This closeness to their customers also allows Aero-Graphics to view them not as one-time transactions, but as relationships to be built. Some clients have been hiring Aero-Graphics for decades - which demonstrates the level of trust and faith that they place in their ability to meet their needs.
A value-based perspective
Each project that Aero-Graphics undertakes follows a similar five-step process, which starts at discovery through delivery. For Kelly, these five steps are unique and form the cornerstone of all projects that they take on, and each stage has its own value proposition.
“We look internally at each stage and ask ‘what’s the value of each stage, and how can we provide that on every stage of our process?’ That’s imperative to understand so that a customer can know that they have that handshake at each stage of the process,” says Casey.
And while this may look like something that’s universal or fundamental at first glance, these stages are crucial in how Aero-Graphics defines their process.
“Those bookend steps - the discovery and delivery - are probably the most important of all of them, because anyone can do the middle three, right? But if you don’t gather the right requirements, if you don’t get clarity, everything downstream is going to be screwed up. And likewise, if you don’t get feedback on the things you did wrong and the things you did right, you’re never going to improve. So those bookends are really what we focus on,” says Kelly.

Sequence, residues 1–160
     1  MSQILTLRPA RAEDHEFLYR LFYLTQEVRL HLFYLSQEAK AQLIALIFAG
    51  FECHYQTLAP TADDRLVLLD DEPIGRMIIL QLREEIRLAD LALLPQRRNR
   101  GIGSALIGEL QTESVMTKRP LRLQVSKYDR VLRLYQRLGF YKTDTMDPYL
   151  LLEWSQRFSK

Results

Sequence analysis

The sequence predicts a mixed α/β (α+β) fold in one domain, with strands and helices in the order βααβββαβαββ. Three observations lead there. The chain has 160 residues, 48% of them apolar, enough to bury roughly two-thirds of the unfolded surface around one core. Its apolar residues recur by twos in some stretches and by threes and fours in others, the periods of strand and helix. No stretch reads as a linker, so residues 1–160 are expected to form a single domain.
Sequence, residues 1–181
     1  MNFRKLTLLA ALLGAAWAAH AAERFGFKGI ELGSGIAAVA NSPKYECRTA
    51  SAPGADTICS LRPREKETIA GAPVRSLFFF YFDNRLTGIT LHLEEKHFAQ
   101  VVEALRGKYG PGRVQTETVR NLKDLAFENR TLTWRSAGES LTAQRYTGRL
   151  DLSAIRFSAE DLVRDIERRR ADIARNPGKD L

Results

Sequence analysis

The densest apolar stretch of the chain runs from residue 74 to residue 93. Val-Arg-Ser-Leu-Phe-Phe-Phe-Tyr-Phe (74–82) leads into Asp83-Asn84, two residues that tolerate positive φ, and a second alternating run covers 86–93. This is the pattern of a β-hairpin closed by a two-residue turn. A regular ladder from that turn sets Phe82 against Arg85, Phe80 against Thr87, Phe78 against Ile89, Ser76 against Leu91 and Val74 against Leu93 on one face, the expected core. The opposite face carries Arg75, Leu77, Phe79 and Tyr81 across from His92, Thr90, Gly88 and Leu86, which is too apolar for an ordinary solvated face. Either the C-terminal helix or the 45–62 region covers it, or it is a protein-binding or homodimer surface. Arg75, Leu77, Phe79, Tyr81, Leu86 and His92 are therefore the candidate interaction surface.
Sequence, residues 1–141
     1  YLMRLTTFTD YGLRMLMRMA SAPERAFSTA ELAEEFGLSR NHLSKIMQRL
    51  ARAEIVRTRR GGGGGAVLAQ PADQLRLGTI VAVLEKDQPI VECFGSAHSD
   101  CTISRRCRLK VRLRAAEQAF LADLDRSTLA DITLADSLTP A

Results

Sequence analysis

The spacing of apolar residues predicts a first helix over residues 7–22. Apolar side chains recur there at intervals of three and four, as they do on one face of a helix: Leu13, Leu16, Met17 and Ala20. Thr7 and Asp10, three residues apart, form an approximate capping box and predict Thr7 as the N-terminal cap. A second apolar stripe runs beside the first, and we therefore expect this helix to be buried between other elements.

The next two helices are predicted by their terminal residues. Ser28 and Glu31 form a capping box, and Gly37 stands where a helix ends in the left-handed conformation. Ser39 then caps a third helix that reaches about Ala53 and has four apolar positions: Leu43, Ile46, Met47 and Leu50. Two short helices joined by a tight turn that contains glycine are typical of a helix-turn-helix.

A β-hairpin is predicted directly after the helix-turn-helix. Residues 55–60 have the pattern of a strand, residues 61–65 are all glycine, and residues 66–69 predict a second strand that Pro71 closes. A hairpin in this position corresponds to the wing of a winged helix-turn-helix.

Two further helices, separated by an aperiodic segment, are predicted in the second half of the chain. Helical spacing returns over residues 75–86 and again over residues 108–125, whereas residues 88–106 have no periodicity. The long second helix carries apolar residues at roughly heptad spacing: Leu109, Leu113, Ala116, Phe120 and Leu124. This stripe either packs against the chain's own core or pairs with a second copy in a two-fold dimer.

The future landscape of location
In their decades of experience in the industry, both Kelly and Casey have seen the evolution of technology, and the pace of change is accelerating across many industries - but particularly across geospatial technology. Location is poised to become a keystone tool for all kinds of future developments, from virtual reality to making digital copies of the world.
Through their work, Aero-Graphics is already tapping in to new technologies - from hybrid sensors to platforms that can collect lidar, nadir imagery, oblique imagery, meteorological data or other sensors all on one aircraft’s payload.
“When I look to the future, I don’t know if I could ever predict what it’s going to look like,” says Kelly, “but I do know it’s gonna be a massive amount of data that’s able to be compiled and analyzed in a very rapid fashion.”
“I know that’s an abstract sense of where we’re going - but I know one thing is that the business we are doing today will be very different from next year. It always is - and the year after and year after. Look back at Aero-Graphics twenty years ago and I wonder what we thought our clients were focusing on, and where we were focusing on our client's needs - it’s very different today.”
Casey and Kelly, and the Aero-Graphics team would like to invite Geo-Week attendees to come by our exhibit space 406 and say hello. They would like to learn how they can help add to your success.